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Carbon Tax Act Signed

May 23, 2019

The Presidency

23 May 2019

A raft of finance-related acts has been assented to by president Ramaphosa.

Acts include the Carbon Tax Act, Customs and Excise Amendment Act, Financial Matters Amendment Act and the Public Audit Excess Fee Act.

Carbon Tax Act

The Carbon Tax Bill was tabled in parliament in November 2018 and passed by parliament in March 2019.

The Carbon Tax Act, published in Government Gazette 42483 aims to:

• provide for the imposition of a tax on the carbon dioxide (CO2) equivalent of greenhouse gas emissions; and
• provide for matters connected therewith.

The act calls for a R120 per ton carbon tax.

The act comes into effect on 1 June 2019.

Customs and Excise Amendment Act

The Customs and Excise Amendment Bill was tabled in parliament at the beginning of February 2019 and passed by parliament in March 2019.

The Customs and Excise Amendment Act, published in Gazette 42480, aims to amend the Customs and Excise Act of 1964 so as to:

• make provision for the administration and collection of carbon tax revenues; and
• provide for matters connected therewith.

The bill’s explanatory summary had referred to the intention to insert a new provision for the purpose of the administration of allowances and limitation of allowances in relation to the Carbon Tax Bill; require that a taxpayer as defined in the Carbon Tax Bill license premises as may be prescribed by rule; regulate actions pertaining to submission and verification of accounts, collection and payment of the carbon tax and allow the Commissioner to make rules insofar as it is necessary to regulate duties, powers and rights not regulated by the Carbon Tax Bill in relation to collection and payment of the carbon tax.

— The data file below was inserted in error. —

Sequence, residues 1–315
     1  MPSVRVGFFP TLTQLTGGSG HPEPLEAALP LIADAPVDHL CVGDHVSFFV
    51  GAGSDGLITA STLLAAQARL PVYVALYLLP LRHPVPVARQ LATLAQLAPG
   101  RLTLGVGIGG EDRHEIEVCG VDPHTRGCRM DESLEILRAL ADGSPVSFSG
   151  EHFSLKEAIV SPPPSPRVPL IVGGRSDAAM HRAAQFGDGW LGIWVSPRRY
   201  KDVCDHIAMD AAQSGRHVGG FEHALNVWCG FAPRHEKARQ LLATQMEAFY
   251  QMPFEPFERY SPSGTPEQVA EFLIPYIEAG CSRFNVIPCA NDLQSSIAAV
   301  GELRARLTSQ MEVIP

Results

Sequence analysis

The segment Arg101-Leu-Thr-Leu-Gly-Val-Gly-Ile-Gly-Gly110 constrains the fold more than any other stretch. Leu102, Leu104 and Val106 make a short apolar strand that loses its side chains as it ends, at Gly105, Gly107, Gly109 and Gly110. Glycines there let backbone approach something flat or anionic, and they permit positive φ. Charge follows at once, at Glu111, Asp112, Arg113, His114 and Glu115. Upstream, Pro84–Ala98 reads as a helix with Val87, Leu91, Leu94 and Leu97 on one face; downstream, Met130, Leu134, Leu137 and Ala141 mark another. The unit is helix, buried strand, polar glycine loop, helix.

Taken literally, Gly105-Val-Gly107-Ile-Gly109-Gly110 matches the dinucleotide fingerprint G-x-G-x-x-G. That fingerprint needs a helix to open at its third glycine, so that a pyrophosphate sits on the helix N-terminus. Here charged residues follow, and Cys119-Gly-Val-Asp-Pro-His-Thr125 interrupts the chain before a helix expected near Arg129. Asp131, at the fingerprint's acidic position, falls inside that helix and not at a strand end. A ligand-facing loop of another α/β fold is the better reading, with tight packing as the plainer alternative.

The act comes into effect on 1 June 2019.

Financial Matters Amendment Act.

The Financial Matters Amendment Bill was tabled in parliament at the end of January 2019 and passed by parliament in March 2019.

Acts to be amended include the Insolvency Act, Military Pensions Act and Banks Act.

The Financial Matters Amendment Act, published in Gazette 42482, aims to amend:


• the Insolvency Act, 1936, so as to provide for a process when a creditor realizes his or her security in terms of a master agreement and for a power for the Master to deal with disputes raised by the trustee and other creditors regarding preference of that secured creditor;
• the Military Pensions Act, 1976, so as to provide for all categories of spouses and for life partners of members by amending, inserting and deleting certain definitions; and by providing for both genders throughout the Act and regulating the registration of a spouse to qualify for benefits upon the death of a member;
• the Banks Act, 1990, so as to regard national state-owned companies as public companies for purposes of the application of the Banks Act; to determine prerequisites for these companies and their holding companies to qualify to apply for establishment as a bank; and to provide for inconsistencies between the Banks Act and certain other legislation with respect to state-owned companies; and
• the Government Employees Pension Law, 1996, so as to replace the divorce debt approach with a pensionable service reduction approach to adjust the benefit of a member of the Government Employees Pension Fund following a pension interest assigned to a former spouse of the member as result of a decree of divorce or for the dissolution of a customary marriage; and to provide for a transitional measure.

The act is now in effect.

Public Audit Excess Fee Act

The Public Audit Excess Fee Bill was tabled in parliament on 2019 Budget day and passed by parliament at the end of March 2019.

The Public Audit Excess Fee Act, published in Gazette 42481, seeks to:


• provide that the specified excess of the audit fee of certain categories of organs of state, payable to the Auditor-General, as envisaged in the Public Audit Act, 2004, is, if the stated conditions are complied with, a direct charge against the National Revenue Fund; and
• provide for matters connected therewith.

According to a cabinet statement in November 2018, the bill proposed that audit fees in excess of 1% of expenditure of municipalities and certain other public institutions payable to the Auditor-General, be treated as a direct charge against the National Revenue Fund.

The act will come into effect on a date still to be determined by the finance minister.